Very good points there, Michael. I’m more surprised though that people who have been out for most of if not their whole careers, such as KD Lang or Jake Shears, haven’t done overtly Queer-themed songs (or have them?). Melissa Etheridge has done a few very good LGBT-themed songs, God bless her!

  • 4 Glenn // Apr 1, 2010 at 6:42 am

    Surely its all a storm in a teacup……who cares who is gay and who is not. I like Ricky Martins songs cos they make me feel good, not cos he’s one of us. Dont expect me to suddenly start believing that “fiddycent” has talent if he comes prancing out of the closet. Why should anyone ( entertainer or not ) be required to disclose details of their private life……its a personal choice surely. If someone is comfortable disclosing their sexuality, cool, but dont do it to satisfy some notion that you “are letting the side down ” by keeping such facts private.

  • 5 Andy // Apr 1, 2010 at 5:51 pm

    Most mainstream singers pretend to be someone they’re not because the main goal is to make money. The only way to make the most money is to appeal to the widest group of people: it’s not rocket science (apart from the fact that only rocket science is rocket science!)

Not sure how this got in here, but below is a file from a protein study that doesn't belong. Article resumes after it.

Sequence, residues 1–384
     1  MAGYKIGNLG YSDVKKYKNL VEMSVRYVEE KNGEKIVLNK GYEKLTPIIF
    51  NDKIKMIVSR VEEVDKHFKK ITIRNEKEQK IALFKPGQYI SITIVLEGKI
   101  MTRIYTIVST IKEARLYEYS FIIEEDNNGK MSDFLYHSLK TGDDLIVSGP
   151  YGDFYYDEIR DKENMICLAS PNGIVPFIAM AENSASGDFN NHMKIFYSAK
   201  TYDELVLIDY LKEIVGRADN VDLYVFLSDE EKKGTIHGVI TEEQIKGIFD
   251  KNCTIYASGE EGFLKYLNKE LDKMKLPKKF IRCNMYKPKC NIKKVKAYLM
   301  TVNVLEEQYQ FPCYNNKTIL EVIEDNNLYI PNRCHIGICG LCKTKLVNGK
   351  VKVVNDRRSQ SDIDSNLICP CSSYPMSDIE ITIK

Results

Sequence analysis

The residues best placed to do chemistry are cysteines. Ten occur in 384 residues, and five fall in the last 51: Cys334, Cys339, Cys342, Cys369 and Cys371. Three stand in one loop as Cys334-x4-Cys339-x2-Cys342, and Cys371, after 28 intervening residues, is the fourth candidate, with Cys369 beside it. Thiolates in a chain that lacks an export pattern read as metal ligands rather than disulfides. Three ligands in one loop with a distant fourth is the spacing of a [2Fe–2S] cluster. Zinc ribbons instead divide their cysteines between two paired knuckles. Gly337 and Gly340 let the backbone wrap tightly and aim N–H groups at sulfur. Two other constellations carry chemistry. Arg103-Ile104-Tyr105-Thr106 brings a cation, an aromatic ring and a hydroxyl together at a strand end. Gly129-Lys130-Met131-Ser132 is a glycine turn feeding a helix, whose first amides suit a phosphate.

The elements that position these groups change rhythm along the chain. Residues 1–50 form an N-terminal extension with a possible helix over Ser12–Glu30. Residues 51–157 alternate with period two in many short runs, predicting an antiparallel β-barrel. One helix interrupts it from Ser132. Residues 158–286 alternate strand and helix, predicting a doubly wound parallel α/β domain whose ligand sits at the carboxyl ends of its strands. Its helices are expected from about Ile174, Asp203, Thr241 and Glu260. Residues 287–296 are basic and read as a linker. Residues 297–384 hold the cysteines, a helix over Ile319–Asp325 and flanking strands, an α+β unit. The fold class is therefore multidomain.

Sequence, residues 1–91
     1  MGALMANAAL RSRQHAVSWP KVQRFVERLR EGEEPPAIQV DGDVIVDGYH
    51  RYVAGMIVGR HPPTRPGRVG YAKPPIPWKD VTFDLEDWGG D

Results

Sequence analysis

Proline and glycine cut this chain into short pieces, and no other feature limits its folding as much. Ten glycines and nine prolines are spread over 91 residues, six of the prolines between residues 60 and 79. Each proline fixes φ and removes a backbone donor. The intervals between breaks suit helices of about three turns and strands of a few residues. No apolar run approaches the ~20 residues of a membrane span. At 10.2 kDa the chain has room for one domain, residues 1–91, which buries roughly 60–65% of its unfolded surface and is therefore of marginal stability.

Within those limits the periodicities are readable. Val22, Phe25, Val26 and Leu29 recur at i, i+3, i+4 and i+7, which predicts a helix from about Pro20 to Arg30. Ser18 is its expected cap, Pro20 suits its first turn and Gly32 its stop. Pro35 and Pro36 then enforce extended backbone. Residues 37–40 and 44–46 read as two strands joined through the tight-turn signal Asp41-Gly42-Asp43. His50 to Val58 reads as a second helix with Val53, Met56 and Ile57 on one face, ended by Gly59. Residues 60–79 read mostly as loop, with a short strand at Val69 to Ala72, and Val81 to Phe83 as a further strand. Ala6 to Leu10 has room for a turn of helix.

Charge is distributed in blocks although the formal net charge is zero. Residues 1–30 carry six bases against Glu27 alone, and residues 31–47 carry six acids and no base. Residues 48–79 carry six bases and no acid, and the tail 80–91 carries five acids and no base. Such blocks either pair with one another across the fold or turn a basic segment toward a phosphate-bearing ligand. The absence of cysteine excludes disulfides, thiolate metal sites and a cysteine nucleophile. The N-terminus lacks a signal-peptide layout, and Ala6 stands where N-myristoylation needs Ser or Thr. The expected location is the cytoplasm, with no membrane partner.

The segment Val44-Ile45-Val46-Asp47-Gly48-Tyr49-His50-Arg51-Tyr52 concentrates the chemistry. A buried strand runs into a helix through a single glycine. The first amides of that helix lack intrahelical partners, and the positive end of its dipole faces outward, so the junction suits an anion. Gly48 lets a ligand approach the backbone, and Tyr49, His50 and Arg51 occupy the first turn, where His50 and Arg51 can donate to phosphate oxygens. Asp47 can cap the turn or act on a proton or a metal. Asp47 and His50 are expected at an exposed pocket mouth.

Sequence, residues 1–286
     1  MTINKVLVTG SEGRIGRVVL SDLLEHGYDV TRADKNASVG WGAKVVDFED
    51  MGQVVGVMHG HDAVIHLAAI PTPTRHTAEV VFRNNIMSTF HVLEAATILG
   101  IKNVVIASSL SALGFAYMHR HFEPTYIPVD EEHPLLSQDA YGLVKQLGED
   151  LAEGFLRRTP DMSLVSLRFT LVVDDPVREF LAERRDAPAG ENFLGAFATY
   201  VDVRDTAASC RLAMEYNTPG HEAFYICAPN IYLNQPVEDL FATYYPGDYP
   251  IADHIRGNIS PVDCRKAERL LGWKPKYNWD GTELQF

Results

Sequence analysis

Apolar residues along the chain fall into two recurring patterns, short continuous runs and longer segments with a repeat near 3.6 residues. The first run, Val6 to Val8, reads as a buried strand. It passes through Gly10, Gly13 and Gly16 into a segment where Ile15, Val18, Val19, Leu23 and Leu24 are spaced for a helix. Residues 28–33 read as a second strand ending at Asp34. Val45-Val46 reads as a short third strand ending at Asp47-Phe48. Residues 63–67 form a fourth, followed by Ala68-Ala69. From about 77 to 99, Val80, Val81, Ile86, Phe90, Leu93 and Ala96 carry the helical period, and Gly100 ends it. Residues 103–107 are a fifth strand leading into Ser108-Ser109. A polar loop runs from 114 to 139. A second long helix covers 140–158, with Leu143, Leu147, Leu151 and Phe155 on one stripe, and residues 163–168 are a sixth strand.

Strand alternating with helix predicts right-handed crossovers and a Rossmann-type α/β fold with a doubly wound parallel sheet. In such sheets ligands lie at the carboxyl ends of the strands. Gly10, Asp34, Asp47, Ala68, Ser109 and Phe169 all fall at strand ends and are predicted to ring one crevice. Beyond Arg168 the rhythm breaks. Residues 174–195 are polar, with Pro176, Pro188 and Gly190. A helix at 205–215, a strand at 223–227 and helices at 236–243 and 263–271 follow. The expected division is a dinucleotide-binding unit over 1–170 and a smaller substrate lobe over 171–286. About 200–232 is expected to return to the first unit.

It’s not that being gay is bad or undesirable, it’s just that being gay won’t please the largest possible group of people. Others factors are sacrificed too, including fat, age (looking your age is bad if you’re “old” and bad if you’re “too young”), race, and so on.

    Most successful mainstream singers pretend to be someone they are not, because they are a carefully crafted business model. Avril Lavigne (who really believed she was a goth/rock chick in real life?), Lady GaGa (she’s not a drag queen when she goes to bed at night), Janet Jackson (she is only slim when promoting new albums), and so on.

    Being gay is just another minority aspect that will damage the ability to make the greatest amount of cash. Get used to it: it’s not going to change.

  • 6 Tom // Apr 10, 2010 at 10:41 am

    Check out Bronski Beat to hear songs about gay life, they even had a hit in the 80s.